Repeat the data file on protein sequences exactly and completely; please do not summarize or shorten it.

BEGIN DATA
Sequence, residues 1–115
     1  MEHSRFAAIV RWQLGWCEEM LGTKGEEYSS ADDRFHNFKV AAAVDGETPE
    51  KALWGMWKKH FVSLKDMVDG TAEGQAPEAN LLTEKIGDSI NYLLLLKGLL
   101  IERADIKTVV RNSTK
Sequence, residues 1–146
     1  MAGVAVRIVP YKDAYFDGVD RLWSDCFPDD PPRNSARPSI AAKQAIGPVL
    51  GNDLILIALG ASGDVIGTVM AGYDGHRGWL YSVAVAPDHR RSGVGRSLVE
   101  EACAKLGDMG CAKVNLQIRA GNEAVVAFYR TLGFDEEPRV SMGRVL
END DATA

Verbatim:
Sequence, residues 1–115
     1  MEHSRFAAIV RWQLGWCEEM LGTKGEEYSS ADDRFHNFKV AAAVDGETPE
    51  KALWGMWKKH FVSLKDMVDG TAEGQAPEAN LLTEKIGDSI NYLLLLKGLL
   101  IERADIKTVV RNSTK
Sequence, residues 1–146
     1  MAGVAVRIVP YKDAYFDGVD RLWSDCFPDD PPRNSARPSI AAKQAIGPVL
    51  GNDLILIALG ASGDVIGTVM AGYDGHRGWL YSVAVAPDHR RSGVGRSLVE
   101  EACAKLGDMG CAKVNLQIRA GNEAVVAFYR TLGFDEEPRV SMGRVL